Powerful product photography is a non-negotiable for any product-driven business or brand that sells physical items in 2022. You need to get your product imagery right, check out these 10 different types of product photography you should incorporate into your campaigns, website, or social media.

As more businesses shift to online markets and away from brick-and-mortar set-ups, customers rely heavily on photography to understand what they’re buying. Nearly half of online shoppers say that large, high-quality product images are more important than product information, descriptions, or reviews.

But, the power of photography isn’t limited to your product pages. Great product imagery can be a game-changer for your advertising campaigns too. If you’re a brand operating in the product space, you can incorporate several different types of product photography into your campaigns to convey what your business has to offer. 

Why is product Photography so important?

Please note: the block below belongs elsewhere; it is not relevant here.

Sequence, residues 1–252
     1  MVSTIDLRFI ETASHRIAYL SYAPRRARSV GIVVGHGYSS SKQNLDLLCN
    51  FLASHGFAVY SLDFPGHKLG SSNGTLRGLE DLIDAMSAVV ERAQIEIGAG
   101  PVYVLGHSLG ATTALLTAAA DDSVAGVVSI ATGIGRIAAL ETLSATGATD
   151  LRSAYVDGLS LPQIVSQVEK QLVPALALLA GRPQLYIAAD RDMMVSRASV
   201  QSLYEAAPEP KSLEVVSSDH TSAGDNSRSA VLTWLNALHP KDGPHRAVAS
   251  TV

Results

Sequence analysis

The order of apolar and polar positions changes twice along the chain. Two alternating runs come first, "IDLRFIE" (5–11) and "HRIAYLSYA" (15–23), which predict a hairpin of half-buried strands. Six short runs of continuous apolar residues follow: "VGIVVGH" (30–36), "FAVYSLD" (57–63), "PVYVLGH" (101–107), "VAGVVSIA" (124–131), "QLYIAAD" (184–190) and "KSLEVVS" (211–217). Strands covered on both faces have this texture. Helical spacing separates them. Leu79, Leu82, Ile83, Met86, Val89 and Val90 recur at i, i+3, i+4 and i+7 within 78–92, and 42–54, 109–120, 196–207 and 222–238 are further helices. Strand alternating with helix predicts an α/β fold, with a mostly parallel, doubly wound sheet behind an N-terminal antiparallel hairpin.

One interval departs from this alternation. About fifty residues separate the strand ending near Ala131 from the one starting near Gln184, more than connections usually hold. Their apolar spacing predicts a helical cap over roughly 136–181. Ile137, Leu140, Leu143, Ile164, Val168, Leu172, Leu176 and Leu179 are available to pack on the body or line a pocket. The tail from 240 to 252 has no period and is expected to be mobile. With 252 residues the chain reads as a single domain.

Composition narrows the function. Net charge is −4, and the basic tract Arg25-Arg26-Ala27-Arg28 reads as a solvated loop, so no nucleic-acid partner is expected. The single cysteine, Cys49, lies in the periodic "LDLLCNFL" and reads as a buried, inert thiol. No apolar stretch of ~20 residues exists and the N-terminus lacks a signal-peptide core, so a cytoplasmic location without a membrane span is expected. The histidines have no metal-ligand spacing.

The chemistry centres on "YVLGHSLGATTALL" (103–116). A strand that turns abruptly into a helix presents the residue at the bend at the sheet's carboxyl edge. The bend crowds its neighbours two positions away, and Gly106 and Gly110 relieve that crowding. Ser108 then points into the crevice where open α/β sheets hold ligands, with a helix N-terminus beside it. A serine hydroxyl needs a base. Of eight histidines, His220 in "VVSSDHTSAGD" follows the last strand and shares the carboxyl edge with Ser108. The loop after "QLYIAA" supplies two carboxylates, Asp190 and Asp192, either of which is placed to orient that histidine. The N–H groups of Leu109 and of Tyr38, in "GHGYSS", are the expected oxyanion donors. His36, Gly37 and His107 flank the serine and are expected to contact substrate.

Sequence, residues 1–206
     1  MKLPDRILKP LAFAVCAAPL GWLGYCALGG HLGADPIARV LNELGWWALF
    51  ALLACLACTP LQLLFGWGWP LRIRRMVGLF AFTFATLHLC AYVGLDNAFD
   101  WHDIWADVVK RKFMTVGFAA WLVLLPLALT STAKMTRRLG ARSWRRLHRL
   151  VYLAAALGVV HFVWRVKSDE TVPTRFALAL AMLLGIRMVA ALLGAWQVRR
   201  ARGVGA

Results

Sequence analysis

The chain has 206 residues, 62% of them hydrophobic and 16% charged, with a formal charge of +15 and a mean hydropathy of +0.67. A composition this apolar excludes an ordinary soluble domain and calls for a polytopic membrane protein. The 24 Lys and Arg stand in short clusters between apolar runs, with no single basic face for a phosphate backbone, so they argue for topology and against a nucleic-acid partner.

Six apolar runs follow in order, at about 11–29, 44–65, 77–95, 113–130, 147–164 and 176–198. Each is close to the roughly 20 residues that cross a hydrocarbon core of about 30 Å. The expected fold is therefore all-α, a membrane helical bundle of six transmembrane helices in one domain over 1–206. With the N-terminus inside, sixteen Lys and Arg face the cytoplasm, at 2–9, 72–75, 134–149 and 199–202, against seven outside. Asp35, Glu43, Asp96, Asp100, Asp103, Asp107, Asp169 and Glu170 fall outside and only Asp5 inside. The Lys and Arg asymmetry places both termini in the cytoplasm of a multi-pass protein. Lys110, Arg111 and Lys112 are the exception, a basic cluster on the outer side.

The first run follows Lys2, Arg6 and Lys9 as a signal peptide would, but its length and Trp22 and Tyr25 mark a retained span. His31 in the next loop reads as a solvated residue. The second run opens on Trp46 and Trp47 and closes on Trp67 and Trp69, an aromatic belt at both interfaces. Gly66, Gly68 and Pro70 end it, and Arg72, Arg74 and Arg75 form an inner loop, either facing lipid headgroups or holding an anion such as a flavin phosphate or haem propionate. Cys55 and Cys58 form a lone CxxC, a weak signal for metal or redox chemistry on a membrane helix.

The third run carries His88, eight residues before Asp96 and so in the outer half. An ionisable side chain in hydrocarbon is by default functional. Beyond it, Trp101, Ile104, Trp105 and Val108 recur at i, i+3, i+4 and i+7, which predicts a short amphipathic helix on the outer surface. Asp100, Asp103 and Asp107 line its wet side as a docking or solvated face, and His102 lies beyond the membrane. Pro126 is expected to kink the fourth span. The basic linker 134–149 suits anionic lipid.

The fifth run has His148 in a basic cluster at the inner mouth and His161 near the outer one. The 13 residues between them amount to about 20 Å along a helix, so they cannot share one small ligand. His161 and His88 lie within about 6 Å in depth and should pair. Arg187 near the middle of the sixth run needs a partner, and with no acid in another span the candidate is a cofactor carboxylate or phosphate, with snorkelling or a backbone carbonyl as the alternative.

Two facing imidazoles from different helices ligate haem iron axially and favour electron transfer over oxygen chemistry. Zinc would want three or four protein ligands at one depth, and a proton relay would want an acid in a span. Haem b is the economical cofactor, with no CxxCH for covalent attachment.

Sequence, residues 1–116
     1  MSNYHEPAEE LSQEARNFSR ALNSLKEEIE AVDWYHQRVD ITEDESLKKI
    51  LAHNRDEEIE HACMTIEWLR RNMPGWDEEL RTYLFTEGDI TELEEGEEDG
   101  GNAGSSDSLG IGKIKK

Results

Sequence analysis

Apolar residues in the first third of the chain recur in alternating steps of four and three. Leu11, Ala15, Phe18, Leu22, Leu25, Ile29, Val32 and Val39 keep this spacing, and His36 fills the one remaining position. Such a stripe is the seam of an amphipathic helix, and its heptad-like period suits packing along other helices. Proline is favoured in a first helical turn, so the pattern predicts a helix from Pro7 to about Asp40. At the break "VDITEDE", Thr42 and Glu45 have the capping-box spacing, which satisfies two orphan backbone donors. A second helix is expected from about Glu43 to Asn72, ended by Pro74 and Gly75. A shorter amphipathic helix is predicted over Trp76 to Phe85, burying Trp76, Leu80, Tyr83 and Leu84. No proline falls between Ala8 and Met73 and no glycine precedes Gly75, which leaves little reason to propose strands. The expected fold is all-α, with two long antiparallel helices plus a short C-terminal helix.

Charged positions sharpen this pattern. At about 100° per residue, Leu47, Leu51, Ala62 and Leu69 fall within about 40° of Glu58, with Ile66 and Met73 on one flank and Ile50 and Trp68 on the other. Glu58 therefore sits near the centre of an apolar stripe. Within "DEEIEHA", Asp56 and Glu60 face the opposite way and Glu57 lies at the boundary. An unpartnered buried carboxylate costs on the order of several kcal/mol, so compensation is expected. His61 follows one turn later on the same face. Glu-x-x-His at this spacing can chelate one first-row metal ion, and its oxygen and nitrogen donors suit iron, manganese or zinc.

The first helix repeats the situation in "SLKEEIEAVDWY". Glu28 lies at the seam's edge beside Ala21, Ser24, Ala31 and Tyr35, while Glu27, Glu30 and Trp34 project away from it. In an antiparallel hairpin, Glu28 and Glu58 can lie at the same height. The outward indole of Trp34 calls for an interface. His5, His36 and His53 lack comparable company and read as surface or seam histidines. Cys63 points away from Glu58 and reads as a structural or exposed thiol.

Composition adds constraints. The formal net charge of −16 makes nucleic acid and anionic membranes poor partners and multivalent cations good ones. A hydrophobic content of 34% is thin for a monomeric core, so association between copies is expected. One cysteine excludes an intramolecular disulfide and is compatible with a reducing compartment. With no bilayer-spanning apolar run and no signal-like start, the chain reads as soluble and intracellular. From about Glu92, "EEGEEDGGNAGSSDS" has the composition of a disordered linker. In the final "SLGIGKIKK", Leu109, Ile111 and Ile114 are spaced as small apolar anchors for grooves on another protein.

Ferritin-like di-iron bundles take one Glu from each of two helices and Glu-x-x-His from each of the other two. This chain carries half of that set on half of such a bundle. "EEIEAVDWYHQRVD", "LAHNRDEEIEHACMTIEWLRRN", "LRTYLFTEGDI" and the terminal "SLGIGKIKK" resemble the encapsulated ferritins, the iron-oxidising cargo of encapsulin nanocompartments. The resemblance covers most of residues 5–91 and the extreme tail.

Most buyers consider quality imagery as the vital factor for an online sale. Product photography affects all KPIs for product-based businesses: CTR, CPC, average order value, ROI, customer LTV, etc.

Underestimate the power of professional product photography, and you may be unable to even get users into your shopping funnel in the first place. Let alone move them down it. Make product photography a priority in your digital strategy from the get-go, and it’ll pay dividends in the future.

We elaborate more on the importance of product photography in eCommerce here.

10 Types of Product Photography for Your Next Campaign

Contrary to popular belief, there is more than one way to do campaign product photography. The most popular photography styles for campaigns include:

1. Studio product shot

Typically, most brands start here. In the modern shopping wall, where billions of products are sold online, there’s a need for compelling, clean product photography – which may be the most crucial part of online retail. Products are photographed against a clean background, with only shadow or reflection. 

Stripping out everything else in your imagery and focusing on the product creates a more versatile image you can use for multiple things and can also help elevate the perceived value of your products and your brand as a whole. 

And yes, they can be used for campaigns. Studio shots are a great place to start for campaigns because you may already have the images at your disposal. Backgrounds can be easily removed to offer photography that can be manipulated as needed.